window-on-the-worldI am often asked how I am able to teach to two different age levels. For homeschool families with more than two children, most of them have found ways to overcome this. For the rest of you, I will share how we manage it. There really isn’t any big secret – just a little bit of common sense. Certain subjects like math, for example, are taught individually – ie: each student works through their own math text for each appropriate grade or learning level. Other subjects, like history, science, and geography (and even some language arts) can be what I refer to as “cross taught”.  In other words we conduct our learning on those latter subjects as a group – and in our case it’s only a group of two. I simply expect either less or more of the said younger or older student depending on what assignment we’re working on.


One of the latest geography books we’re using this year is called Window on the World,  by: Spragget and Johnstone. What I love about this book is it makes cross teaching world geography very simple.  The book features roughly one hundred countries around the world (one country per page), and offers up a brief but interesting synopsis of each country and their corresponding people groups. Presently we have placed the names of all these countries in our  geography jar, and two or three times a week one of these names is drawn randomly . The country is located on both a world map, and the globe. If the interest is there, then related library books about the country’s people, customs, culture, religious beliefs, resources, and native plants & animals are borrowed and read as well. To track our progress around the globe a colored dot is placed on a wall map of the world. To take this  a step further, you can give your student an opportunity (if they like to draw) to draw their own map of some of the countries – rather than coloring in a black line map. Use your imagination and creativity to make it fun!


I’ve been amazed at just how much the kids are remembering on their own and are starting to naturally point out things they see in their own environment about some of the countries they’ve explored in this book. New Zealand alone has triggered such observations as New Zealand lamb (at the grocery store), a new Zealand bird – the kiwi (in their bird book), New Zealand Wool (in a clothing label) – and of course their personal favorite: the location of the filming of  The Chronicles of Narnia, the movie. They even made their own observations at just how far these young actors had to travel from their home country England all the way to New Zealand to film this movie.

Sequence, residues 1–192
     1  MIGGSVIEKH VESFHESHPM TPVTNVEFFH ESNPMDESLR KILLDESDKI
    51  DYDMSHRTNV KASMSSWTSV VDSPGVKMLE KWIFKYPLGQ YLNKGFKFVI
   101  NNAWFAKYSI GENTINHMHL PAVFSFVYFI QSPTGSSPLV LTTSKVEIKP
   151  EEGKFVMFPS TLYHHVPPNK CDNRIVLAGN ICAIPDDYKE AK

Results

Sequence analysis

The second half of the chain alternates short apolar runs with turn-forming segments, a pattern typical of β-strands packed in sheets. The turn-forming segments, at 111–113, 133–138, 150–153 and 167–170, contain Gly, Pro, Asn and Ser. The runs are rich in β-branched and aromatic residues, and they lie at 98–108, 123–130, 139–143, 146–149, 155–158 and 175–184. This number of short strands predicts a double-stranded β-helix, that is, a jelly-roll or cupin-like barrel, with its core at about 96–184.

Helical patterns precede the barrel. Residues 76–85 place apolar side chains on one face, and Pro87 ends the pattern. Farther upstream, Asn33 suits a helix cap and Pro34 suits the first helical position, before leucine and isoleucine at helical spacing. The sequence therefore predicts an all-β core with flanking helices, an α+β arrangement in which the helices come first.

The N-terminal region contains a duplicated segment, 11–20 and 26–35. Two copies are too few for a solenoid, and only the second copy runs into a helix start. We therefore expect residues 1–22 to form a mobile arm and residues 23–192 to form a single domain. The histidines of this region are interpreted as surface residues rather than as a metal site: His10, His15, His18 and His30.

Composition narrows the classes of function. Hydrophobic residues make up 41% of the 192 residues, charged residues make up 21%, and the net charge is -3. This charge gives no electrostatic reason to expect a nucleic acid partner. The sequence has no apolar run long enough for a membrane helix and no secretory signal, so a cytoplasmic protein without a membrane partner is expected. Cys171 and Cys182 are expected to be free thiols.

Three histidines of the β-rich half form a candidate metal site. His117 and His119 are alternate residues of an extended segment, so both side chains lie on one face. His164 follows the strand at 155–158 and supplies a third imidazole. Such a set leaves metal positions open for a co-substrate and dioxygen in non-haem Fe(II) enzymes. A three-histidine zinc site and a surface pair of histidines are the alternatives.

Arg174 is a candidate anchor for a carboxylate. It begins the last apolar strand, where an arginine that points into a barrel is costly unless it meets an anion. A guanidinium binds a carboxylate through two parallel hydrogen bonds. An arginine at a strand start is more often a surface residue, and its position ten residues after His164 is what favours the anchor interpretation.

Overall I highly recommend this book to further the study of geography in your own home learning environment. If your kids are tired of map books, why not try something different? Your little globe trotters will thank you – and you just might learn a thing or two you never new before either. Happy trotting!


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Filed under Books, Curriculum, History/Socials, Learning

I Lichen You Very Much!

Well, this whole new enthusiasm thing seems to be contagious! Today we went for another nature walk, but this time our group of young botonists grew from two to seven! This time we ventured a little further from home, to a local city park. We were on the hunt for birds, but the kids were so enthusiastic that this new kind of exploring knew no limits. With sketch books in hand the kids seemed to have inherent abilities to spot things often overlooked and unseen by the unobservant eye. There seemed to be a lot of attention drawn to plants, fungus and trees.







Stones were lifted, ferns overturned, moss inspected and a few unusual lichens were discovered. Lichens are rather interesting to observe as they are neither plant; nor a distinct fungus, but a kind of blend of fungus, alga, and sometimes a type of bacteria. Each is dependent on the other for survival and together they form this very unique organism that thrives in our BC rain forests.